In what definitely is becoming a pattern, yet another climate change lawsuit has been dismissed. On February 19, 2019, the United States District Court for the Eastern District of Pennsylvania dismissed the case Clean Air Council, et al. v. United States of America, Civ. No. 17-4977. With this dismissal, six significant climate change lawsuits, and several more questionable suits, now have been rejected by different US courts around the country: [in addition to Clean Air Council, what can be considered significant suits filed by …Continue Reading
Despite booming operations due to shale gas discoveries in recent years, the business climate for the oil and gas industry in the western United States is suffering because of recent political changes and public concerns over, well, climate change.
We start in New Mexico, where Gov. Michelle Lujan Grisham inked an executive order in January calling for the state to slash its greenhouse gas emissions by at least 45 percent from 2005 levels by 2030, becoming the latest newly minted Democratic governor to take an …Continue Reading
As introduced in Part I of this two part posting, two recently released documents – the Intergovernmental Panel on Climate Change report, Global Warming of 1.5°C Summary for Policymakers (IPCC Summary), issued on October 8, 2018, and the Safer Affordable Fuel-Efficient Vehicles Rule for Model Year 2021-2026 Passenger Cars and Light Trucks Draft Environmental Impact Statement (EIS), issued by the National Highway Traffic Safety Administration in July 2018 – provide a stark contrast in how to respond to the threat posed by climate change.
The …Continue Reading
In 2018, California has seen a spate of devastating wildfires that has already consumed more than 1,000,000 acres, caused scores of deaths, rampant property destruction, and millions of dollars in economic loss. Following a 2017 fire season that was nearly equally as tragic, a public debate has emerged regarding the origin of the increased frequency and intensity of these disasters.
In August, following fires in Redding, California, and in the last week during blazes outside of Sacramento and Los Angeles, the president criticized forest management …Continue Reading
Two recently released documents – the Intergovernmental Panel on Climate Change report, Global Warming of 1.5°Summary for Policymakers (IPCC Summary), issued last week, and the Safer Affordable Fuel-Efficient Vehicles Rule for Model Year 2021-2026 Passenger Cars and Light Trucks Draft Environmental Impact Statement (NHTSA EIS), issued by the National Highway Traffic Safety Administration in July 2018 – provide a stark contrast in how to respond to the threat posed by climate change. The first document, and subject of this post – the IPCC Summary – …Continue Reading
On October 15, 2018, Judge Ann Aiken of the U.S.D.C. for the District of Oregon denied the federal government’s motion for judgment on the pleadings and motion for summary judgment in the Juliana lawsuit filed by 21 minors. As previously explained in this blog, the minors allege that the government has violated their constitutional rights with regard to decisions that have led to climate change. Further, the minors seek to compel the federal government to prepare a consumption-based inventory of U.S. carbon dioxide emissions and …Continue Reading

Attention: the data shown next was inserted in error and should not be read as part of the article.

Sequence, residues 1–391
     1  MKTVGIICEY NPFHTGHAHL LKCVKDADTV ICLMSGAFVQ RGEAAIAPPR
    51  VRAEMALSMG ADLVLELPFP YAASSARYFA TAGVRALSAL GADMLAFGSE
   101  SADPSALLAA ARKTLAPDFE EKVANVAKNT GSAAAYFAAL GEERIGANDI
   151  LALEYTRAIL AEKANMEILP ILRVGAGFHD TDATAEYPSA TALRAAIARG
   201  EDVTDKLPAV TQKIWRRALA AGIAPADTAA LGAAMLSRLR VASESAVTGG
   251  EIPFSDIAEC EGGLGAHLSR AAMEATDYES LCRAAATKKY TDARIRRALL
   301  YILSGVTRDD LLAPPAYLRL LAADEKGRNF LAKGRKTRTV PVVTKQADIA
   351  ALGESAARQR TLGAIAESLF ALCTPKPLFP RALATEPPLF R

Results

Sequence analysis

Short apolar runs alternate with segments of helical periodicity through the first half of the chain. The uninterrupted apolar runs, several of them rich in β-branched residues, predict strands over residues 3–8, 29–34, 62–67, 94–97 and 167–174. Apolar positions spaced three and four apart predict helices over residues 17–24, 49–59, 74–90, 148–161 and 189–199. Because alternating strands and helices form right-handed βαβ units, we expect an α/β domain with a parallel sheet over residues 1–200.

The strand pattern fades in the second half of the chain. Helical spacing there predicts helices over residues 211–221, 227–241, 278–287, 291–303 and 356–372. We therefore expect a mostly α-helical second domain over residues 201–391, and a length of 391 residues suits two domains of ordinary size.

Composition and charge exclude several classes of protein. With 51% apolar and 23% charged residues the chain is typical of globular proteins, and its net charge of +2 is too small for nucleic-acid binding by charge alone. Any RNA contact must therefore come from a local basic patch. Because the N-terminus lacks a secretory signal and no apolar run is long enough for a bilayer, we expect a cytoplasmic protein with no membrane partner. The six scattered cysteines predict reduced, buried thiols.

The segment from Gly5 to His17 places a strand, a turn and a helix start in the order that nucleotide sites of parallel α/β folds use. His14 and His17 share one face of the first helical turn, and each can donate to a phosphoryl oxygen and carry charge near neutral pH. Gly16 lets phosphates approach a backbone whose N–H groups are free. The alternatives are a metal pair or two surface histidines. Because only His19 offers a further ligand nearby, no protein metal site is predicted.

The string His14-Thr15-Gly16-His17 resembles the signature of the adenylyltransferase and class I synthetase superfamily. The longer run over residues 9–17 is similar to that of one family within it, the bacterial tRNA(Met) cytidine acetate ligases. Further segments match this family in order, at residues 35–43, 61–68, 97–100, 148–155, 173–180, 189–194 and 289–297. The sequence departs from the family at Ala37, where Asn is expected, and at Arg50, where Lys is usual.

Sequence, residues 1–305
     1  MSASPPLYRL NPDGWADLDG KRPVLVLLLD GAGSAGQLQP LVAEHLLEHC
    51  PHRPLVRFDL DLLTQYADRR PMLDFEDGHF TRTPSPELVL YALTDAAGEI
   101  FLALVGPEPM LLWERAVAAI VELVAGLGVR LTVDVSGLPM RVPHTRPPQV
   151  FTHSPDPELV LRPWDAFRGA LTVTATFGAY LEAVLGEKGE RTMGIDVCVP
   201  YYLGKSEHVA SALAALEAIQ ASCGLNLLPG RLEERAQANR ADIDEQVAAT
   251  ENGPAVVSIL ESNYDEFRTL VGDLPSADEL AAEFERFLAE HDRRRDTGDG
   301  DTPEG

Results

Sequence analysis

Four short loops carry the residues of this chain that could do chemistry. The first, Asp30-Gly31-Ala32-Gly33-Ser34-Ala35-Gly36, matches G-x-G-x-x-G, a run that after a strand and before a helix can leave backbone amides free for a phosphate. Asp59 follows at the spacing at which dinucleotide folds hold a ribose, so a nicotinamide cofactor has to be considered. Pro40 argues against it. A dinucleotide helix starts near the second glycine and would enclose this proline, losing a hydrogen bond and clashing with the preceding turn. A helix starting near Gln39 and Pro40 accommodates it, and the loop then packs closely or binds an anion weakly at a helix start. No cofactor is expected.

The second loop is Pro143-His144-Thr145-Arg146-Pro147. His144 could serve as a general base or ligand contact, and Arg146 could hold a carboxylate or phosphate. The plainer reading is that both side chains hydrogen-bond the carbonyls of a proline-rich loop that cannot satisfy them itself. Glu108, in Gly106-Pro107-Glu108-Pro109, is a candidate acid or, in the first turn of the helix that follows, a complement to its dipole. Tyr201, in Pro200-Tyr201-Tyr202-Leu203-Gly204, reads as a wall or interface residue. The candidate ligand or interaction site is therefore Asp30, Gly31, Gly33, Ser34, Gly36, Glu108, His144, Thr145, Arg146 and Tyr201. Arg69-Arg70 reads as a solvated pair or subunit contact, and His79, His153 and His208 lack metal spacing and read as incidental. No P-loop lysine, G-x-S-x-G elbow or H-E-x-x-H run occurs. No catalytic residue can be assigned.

The federal government has again sought a stay in the climate change lawsuit filed by 21 minors, known as the Juliana case. The lawsuit was filed in 2015 against President Obama and numerous federal agencies, claiming that the executive branch contributed to climate change in violation of the children’s rights under the Fifth and Ninth Amendments to the Constitution and an asserted federal public-trust doctrine. The children are seeking a declaration from the U.S.D.C. for the District Court of Oregon that the executive branch must …Continue Reading
In 2007, the Oregon legislature instituted a program designed to reduce the state’s greenhouse emissions to at least 10 percent lower than 2010 levels by 2025. The Oregon Clean Fuels Program uses a cap-and-trade scheme that attributes a carbon intensity value to transportation fuels produced or imported into Oregon. Regulated parties must keep the average carbon intensity of all transportation fuels used in Oregon below an annual limit. A fuel with a carbon intensity below the limit generates a credit, and one with a carbon …Continue Reading
Recently, the Assembly of the State of California approved the 100 Percent Clean Energy Act of 2018 or “SB100” which will require all energy used in the state to come from renewable sources by December 31, 2045. The bill, authored by State Senator Kevin de León, passed the California Senate last year, the Assembly on August 28, 2018, and was reconciled by the Senate on August 29, 2018. All that remains before the bill becomes law, is Governor Jerry Brown’s signature. According to the bill’s …Continue Reading
On July 30, 2018, the United States Supreme Court denied the federal government’s request for a stay in the climate change lawsuit brought by 21 children, pending in the U.S.D.C. for the District of Oregon, known as the Juliana matter. The lawsuit was originally filed in 2015 against President Obama and numerous federal agencies, alleging that the executive branch contributed to climate change in violation of the children’s rights under the Fifth and Ninth Amendments to the Constitution and an asserted federal public-trust doctrine. The …Continue Reading